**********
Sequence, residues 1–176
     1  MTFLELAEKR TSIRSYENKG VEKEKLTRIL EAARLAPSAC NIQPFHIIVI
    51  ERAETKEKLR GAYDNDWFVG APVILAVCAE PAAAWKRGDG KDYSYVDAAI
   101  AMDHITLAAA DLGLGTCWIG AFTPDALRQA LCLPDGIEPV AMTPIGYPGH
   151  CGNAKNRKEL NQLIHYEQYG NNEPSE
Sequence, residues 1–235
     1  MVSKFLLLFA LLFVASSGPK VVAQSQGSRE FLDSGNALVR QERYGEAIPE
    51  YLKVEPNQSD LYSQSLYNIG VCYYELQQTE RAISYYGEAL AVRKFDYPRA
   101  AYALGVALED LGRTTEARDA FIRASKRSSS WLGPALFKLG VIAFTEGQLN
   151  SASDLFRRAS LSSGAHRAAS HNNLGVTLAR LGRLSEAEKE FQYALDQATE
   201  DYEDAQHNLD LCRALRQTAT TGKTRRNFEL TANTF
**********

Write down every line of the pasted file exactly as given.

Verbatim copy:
Sequence, residues 1–176
     1  MTFLELAEKR TSIRSYENKG VEKEKLTRIL EAARLAPSAC NIQPFHIIVI
    51  ERAETKEKLR GAYDNDWFVG APVILAVCAE PAAAWKRGDG KDYSYVDAAI
   101  AMDHITLAAA DLGLGTCWIG AFTPDALRQA LCLPDGIEPV AMTPIGYPGH
   151  CGNAKNRKEL NQLIHYEQYG NNEPSE
Sequence, residues 1–235
     1  MVSKFLLLFA LLFVASSGPK VVAQSQGSRE FLDSGNALVR QERYGEAIPE
    51  YLKVEPNQSD LYSQSLYNIG VCYYELQQTE RAISYYGEAL AVRKFDYPRA
   101  AYALGVALED LGRTTEARDA FIRASKRSSS WLGPALFKLG VIAFTEGQLN
   151  SASDLFRRAS LSSGAHRAAS HNNLGVTLAR LGRLSEAEKE FQYALDQATE
   201  DYEDAQHNLD LCRALRQTAT TGKTRRNFEL TANTF